Spain rejects Eta talks request and demands disbandment

The aftermath of an Eta bomb blast in Calahorra, Spain, 21 March 2008 Image copyright AFP
Image caption Eta bombings and shootings continued over four decades

The Spanish government has rejected a request from the Basque militant group Eta for talks, seven months into its truce, and called on it to disband.

The separatist group had sent a message to the AFP news agency announcing it had set up a team to conduct a "direct dialogue" with Spain and France.

Eta called for a "definitive solution" to the "ongoing conflict".

But Interior Minister Jorge Fernandez Diaz said Spain would never negotiate with the group.

Eta's campaign of shooting and bombing lasted more than 40 years and left some 830 people dead.

In recent years, it suffered major reverses with the arrest of key members in Spain and France.

When it announced a "definitive end" to its armed campaign on 20 October, some 700 Eta members remained in prison.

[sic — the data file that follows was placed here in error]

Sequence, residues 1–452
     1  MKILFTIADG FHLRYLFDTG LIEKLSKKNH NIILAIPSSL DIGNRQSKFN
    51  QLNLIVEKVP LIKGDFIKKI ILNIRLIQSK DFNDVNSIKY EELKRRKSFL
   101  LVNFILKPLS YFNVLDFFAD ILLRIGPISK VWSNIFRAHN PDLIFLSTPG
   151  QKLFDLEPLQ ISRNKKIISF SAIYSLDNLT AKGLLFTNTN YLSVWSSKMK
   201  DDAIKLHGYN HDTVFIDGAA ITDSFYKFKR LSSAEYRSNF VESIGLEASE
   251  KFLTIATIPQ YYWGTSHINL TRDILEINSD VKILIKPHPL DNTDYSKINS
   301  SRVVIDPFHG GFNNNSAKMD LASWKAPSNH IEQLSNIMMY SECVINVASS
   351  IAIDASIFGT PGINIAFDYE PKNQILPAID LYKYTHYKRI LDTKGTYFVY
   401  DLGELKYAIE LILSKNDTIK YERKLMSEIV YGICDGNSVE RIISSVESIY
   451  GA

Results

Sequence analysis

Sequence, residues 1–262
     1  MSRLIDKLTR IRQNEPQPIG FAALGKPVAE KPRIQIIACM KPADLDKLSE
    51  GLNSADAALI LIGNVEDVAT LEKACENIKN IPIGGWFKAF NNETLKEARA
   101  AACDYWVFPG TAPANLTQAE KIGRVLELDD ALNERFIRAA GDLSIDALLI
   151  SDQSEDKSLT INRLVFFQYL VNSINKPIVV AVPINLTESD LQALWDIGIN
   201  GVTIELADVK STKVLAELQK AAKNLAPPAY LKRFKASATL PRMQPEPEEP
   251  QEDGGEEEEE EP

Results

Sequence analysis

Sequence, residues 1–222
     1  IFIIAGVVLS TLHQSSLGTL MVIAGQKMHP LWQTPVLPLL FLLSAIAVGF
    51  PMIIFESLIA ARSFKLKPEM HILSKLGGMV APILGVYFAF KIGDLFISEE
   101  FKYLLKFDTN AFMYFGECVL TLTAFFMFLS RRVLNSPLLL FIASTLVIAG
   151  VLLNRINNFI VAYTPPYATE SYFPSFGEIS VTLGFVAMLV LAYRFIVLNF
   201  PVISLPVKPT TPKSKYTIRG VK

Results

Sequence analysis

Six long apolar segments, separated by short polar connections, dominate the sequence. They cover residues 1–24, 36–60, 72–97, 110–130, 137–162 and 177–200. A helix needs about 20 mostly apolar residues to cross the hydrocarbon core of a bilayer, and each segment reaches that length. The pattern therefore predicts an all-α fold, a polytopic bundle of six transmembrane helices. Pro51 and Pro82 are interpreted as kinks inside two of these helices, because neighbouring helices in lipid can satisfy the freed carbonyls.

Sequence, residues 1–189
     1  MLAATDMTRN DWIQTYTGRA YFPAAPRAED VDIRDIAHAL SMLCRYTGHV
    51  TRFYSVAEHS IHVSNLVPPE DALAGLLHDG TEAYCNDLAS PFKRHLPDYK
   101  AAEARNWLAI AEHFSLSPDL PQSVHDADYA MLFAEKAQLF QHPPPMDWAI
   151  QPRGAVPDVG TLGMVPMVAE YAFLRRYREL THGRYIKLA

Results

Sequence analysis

'No need'

The statement sent to AFP, and addressed to "the European community", said Eta had "named a delegation to embark upon a direct dialogue with the governments of France and Spain".

"The European community and all European institutions face the challenge of supporting and promoting an open process aimed at finding a definitive solution to an ongoing conflict in the heart of Europe," it added.

Earlier this month, an independent monitoring group, the International Verification Commission, issued a report concluding that Eta was abiding by its ceasefire and was ready for dialogue.

Mr Fernandez Diaz told parliament in Madrid that the "only communication" expected of Eta was an announcement of its unconditional disbandment.

"There is no need for a dialogue to hand over weapons," the interior minister said.

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